Flowering bulbs are great way to share love of gardening

Published 12:06 am Sunday, March 27, 2016

One of the great gardening traditions of the South is the generosity of gardeners who love to share their plants. Termed “passalong plants” this heritage blooms strongly here in the Natchez region. Among the most popular are flower bulbs because many types increase in number over the years and are so easy to dig up and share with friends and relatives.

Betty McGehee is a long-time garden enthusiast whose Indian Hills property is overflowing with many different types of plants. Each spring, her driveway and pasture are ablaze with golden yellow daffodils, popularly called “Butter and Eggs.” This Southern heirloom daffodil is one of the earliest recorded, predating 1777. Very popular in the South, it flourishes with little care, blooms vigorously in early spring and is very easy to transplant. It’s also known as “Golden Phoenix,” with double yellow petals that are sweetly scented. A close relative, also blooming in this region for hundreds of years is “Eggs and Bacon,” aka “Orange Phoenix.” It differs because of contrasting orange and white petals that form rose-like inner whorls and is also pleasantly fragrant.

A member of Rose Craft Garden Club, Betty has encouraged fellow members to dig up the surplus daffodils. NanErle Schuchs is one who gratefully dug many bulbs from Betty’s pastures and added them to other heirloom daffodils and jonquils in her gardens and pastures in the Foster Mound area. More numerous than she can count, many hundreds of Narcissus incomparabilis are among the first to bloom in early spring. Popularly called “Sir Watkin” or “Stella,” according to research conducted by specialty heirloom bulb growers, this is actually “Peerless Daffodil,” and predates the 1600s. This is another variety that has naturalized around abandoned home sites and cemeteries, and has been a very popular passalong plant. It’s recognized as a single form of “Butter and Eggs” with fewer petals but similar fragrance, color and growth habit.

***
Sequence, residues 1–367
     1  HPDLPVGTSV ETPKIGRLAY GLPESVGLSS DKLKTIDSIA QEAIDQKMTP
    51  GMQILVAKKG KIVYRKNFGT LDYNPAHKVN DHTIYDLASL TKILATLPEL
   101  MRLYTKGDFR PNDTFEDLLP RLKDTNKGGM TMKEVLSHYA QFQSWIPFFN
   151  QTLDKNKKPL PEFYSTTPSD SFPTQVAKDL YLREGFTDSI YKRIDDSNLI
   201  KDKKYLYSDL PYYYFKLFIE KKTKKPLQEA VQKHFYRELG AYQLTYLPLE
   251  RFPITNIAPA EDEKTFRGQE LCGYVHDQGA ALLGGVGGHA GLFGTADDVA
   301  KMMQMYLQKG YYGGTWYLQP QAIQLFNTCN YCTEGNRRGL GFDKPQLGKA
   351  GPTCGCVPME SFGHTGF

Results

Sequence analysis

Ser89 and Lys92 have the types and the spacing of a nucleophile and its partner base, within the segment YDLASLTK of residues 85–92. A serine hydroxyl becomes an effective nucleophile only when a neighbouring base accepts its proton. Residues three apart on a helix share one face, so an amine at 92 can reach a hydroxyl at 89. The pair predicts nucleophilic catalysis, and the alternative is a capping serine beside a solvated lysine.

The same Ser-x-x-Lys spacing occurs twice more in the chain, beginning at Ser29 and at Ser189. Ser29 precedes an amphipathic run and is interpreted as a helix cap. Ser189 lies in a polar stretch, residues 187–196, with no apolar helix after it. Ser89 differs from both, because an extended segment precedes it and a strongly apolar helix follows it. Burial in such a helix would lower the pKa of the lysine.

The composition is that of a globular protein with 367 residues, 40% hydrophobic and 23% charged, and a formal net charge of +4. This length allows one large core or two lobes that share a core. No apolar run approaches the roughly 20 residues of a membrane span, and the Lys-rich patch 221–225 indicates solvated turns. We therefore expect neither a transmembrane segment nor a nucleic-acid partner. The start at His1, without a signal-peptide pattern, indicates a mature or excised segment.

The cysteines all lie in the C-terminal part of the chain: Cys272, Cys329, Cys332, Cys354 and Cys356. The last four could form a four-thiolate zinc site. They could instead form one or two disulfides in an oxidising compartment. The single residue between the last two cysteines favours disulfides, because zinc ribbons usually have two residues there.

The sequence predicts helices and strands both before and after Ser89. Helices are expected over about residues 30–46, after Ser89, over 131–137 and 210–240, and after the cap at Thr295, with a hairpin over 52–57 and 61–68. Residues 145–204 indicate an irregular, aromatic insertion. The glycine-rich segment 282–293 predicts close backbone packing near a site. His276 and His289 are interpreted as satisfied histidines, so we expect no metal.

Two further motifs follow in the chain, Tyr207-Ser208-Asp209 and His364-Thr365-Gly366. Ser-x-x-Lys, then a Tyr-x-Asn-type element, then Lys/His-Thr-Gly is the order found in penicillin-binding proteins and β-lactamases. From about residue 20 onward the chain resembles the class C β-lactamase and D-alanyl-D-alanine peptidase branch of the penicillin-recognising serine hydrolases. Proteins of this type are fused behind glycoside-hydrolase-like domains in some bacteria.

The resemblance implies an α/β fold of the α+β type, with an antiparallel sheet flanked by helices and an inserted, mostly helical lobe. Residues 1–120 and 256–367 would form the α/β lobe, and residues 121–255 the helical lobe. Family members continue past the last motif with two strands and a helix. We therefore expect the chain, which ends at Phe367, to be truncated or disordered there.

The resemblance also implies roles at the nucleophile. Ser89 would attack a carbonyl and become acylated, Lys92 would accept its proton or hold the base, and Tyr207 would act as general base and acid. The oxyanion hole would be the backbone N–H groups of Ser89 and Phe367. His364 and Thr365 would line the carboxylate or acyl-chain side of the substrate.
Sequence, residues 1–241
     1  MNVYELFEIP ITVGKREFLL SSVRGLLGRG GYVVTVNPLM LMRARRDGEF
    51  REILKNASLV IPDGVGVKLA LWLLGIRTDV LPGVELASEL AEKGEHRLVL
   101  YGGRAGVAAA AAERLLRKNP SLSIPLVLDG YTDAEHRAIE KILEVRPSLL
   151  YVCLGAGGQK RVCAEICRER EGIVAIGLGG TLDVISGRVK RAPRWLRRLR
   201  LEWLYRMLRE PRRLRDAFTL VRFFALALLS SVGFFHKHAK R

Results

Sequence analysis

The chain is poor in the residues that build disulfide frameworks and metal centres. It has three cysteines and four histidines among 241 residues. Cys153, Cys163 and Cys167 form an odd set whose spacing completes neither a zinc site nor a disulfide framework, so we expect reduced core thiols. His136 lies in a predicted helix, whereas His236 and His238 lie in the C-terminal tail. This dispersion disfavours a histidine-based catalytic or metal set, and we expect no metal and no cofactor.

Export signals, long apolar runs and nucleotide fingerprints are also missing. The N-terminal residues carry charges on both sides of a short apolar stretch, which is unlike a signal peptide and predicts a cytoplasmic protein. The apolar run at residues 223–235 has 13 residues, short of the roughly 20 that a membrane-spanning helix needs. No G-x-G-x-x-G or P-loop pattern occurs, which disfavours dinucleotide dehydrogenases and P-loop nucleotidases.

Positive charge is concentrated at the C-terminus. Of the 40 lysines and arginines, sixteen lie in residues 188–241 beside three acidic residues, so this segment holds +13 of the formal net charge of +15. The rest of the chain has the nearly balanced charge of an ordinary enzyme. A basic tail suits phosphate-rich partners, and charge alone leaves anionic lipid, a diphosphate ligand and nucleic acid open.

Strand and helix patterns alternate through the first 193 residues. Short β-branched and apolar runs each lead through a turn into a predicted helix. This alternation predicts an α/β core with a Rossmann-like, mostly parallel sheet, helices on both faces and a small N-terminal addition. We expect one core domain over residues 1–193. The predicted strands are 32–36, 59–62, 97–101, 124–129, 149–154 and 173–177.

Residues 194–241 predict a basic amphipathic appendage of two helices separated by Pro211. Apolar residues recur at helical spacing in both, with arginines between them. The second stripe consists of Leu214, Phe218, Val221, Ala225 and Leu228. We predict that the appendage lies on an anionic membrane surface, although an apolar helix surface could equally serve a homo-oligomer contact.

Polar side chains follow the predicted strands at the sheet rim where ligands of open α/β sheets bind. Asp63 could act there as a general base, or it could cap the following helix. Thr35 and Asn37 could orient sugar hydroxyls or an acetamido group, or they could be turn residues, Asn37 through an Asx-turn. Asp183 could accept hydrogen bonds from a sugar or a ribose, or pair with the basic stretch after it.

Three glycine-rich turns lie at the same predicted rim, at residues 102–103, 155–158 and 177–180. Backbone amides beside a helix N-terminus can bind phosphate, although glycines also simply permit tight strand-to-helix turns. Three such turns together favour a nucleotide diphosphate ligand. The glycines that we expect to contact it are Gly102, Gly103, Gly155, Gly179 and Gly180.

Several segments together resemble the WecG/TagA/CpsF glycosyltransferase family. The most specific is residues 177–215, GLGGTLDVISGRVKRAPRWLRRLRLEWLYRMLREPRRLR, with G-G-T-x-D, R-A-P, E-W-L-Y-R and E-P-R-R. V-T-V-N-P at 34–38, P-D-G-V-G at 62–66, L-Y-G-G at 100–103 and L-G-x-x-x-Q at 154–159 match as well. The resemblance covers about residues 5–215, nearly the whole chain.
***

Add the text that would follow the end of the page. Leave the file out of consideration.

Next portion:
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Daffodils, jonquils and narcissus continue to claim places in our landscapes. Modern varieties tend to have larger flowers, larger petals and more defined trumpet-like shapes.

Some questions arise as to what they should be termed. What is the difference between jonquils, daffodils and narcissus? The term narcissus (Narcissus sp.) refers to a genus of bulbs that includes hundreds of species and literally tens of thousands of cultivated varieties, termed cultivars. The Narcissus genus includes Paperwhites (Narcissus tazetta papyraceous) and jonquils and daffodils. The common name for any of the plants that are in the genus Narcissus is daffodil, usually referring to the large, trumpet-shaped flowers that are so common now. But their botanical name is Narcissus pseudonarcissus, a little known fact that might come in handy if you want to sound like a serious gardener in a social gathering.

And what about jonquils? According to the American Daffodil Society, a jonquil is one of the 13 divisions of daffodils. Bloom color, size and shape, as well as foliage type, flowering schedule and number of blossoms to a stem, determine the classifications of more than 25,000 registered hybrids. All of these perennials fall under the Narcissus genus. Gardeners in some parts of the country, including the South, call any yellow daffodil a jonquil, but this is frequently incorrect. As a rule, hybrids in the jonquilla division boast more than one yellow flower to a stem and a strong, sweet fragrance.

Another Rose Craft Garden Club member Virginia Salmon, also has transplanted some of Betty’s heirloom daffodils onto her property at Hillside. Predating the Civil War, Hillside contains heirloom daffodils that “bloom everywhere” she said. “I’ve given away many hundreds of these bulbs that naturalize and migrate around the property.”

Other heirloom flower bulbs that are shared among local gardeners include spider lilies, crinum lilies and rain lilies. Spider lilies (Lycoris radiata) start their show a few days after a good rain shower in September. From bare ground, stalks burst through and unfurl their Chinese red, curvy petals and stamens. Another popular name for them is “surprise lily” because they seem to come from nowhere when you least expect them. Crinum lilies (Crinum spp.) are large, heat and moisture loving plants, producing an abundant array of showy flowers in summer.

The crinum plant is often referred to as the Southern swamp lily, or cemetery plant. An old favorite is “Milk and Wine” so termed because it describes the milky white petals with burgundy-red stripes. Rain lilies seem to spring miraculously from the ground after the rain. These plants, also known as zephyr lily or fairy lily are native to the United States and thrive in the warm, humid South. Their delicate blossoms can be pink, white or even yellow and there are more modern hybrids of these popular old fashioned and long-favored plants.

If you are fortunate enough to have a friend or relative with these plants in their gardens, you may be able to coax them to share a few with you. If not, commercial sources for these and other heirloom bulbs include www.southernbulbs.com and www.oldhousegardens.com.


Karen Dardick grows these heirloom bulbs and many other plants in her Natchez garden. She is a member of Rose Craft Garden Club and a long-time garden writer.